- Ryan Reynolds, Samuel L. Jackson, Salma Hayek
- June 18th 2021
- Patrick Hughes
Ryan Reynolds, Samuel L. Jackson, and Salma Hayek return for more action hijinks in the follow-up to the 2017 original.
The Hitman’s Bodyguard received mixed reviews from critics when it was released in 2017 but made a decent chunk of money at the box office, so it’s no surprise that a sequel was given the green light.
Following on from the events of the original, The Hitman’s Wife’s Bodyguard, once again directed by Patrick Hughes, begins with Michael Bryce (Ryan Reynolds) coming to terms with losing his AAA security licence and taking a much-needed break.
However, his peace is interrupted when con-woman Sonia Kincaid (Salma Hayek) tracks Bryce down and asks for his help rescuing her husband, hitman Darius Kincaid (Samuel L. Jackson), who has been taken by mobsters.
Complicating matters further, they are all captured by Interpol agent Bobby O’Neill (Frank Grillo), who forces them to take down shipping tycoon Aristotle Papadopoulos(Antonio Banderas), a criminal mastermind planning to destroy the European power grid.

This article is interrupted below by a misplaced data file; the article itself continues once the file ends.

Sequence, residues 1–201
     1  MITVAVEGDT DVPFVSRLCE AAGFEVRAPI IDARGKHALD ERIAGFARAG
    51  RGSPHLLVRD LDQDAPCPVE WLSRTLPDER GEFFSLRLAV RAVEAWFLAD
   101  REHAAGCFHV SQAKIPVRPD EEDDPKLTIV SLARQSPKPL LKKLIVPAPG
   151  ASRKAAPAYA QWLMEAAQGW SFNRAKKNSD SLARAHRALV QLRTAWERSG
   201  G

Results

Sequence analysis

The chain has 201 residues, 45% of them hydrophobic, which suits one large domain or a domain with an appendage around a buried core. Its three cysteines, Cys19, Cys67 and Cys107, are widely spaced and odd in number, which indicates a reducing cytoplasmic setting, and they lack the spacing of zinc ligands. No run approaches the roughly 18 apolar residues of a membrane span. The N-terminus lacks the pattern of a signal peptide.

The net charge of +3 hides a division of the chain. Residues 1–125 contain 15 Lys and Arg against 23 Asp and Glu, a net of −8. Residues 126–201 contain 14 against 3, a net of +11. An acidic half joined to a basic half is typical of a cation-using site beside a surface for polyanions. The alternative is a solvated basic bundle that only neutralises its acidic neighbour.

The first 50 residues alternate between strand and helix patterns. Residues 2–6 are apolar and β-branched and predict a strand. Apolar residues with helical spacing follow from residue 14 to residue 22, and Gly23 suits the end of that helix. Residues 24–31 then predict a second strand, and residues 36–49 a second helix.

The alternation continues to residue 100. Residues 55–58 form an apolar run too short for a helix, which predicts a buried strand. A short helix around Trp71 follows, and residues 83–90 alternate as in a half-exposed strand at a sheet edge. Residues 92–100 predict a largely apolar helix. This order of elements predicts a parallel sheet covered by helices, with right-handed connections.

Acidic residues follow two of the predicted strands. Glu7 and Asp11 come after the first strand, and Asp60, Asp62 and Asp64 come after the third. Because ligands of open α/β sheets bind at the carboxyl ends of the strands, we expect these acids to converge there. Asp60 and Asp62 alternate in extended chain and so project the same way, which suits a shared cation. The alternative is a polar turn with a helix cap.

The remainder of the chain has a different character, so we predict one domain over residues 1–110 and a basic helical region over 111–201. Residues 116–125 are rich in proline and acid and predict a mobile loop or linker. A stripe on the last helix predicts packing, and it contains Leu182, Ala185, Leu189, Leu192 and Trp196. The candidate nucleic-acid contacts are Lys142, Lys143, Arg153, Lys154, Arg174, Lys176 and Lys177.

The first film was loud, over-the-top, and all over the place and this sequel is basically more of the same, with the biggest difference being that Hayek has a leading role instead of a minor one like before.
It is brash, violent, messy, and excessive and it feels like Hughes decided to go for quantity over quality and threw in every idea, cramming in as many shootouts, explosions, and swear words as possible into this movie.
The script is weak and relies too heavily on the belief that people yelling expletives at each other is funny, when in actual fact, the novelty wears off pretty quickly. The story is extremely silly, cliched, and lazy and is simply just a basic framework on which to hang all the yelling, insults, profanity, and action sequences.
Reynolds carries the movie doing exactly what you’d expect him to do because he doesn’t really do any other kind of acting these days. He is the funniest cast member, possibly because his brand of humour is different from that of his co-stars.
Hayek’s Sonia is larger-than-life, loves to yell, and can be quite funny, and the actress deserves praise for throwing herself into the role, which can’t be said for Jackson, who phones it in.
It made no sense for Banderas to be cast as a Greek character when he sounds so obviously Spanish but his outfits were fabulous and he was a suitably camp villain.
The Hitman’s Wife’s Bodyguard is lazy, cliched, and filled with stereotypical one-note characters and action sequences that are edited in a messy way. It’s best to switch your mind off before going in.
In cinemas from Monday 14th June.
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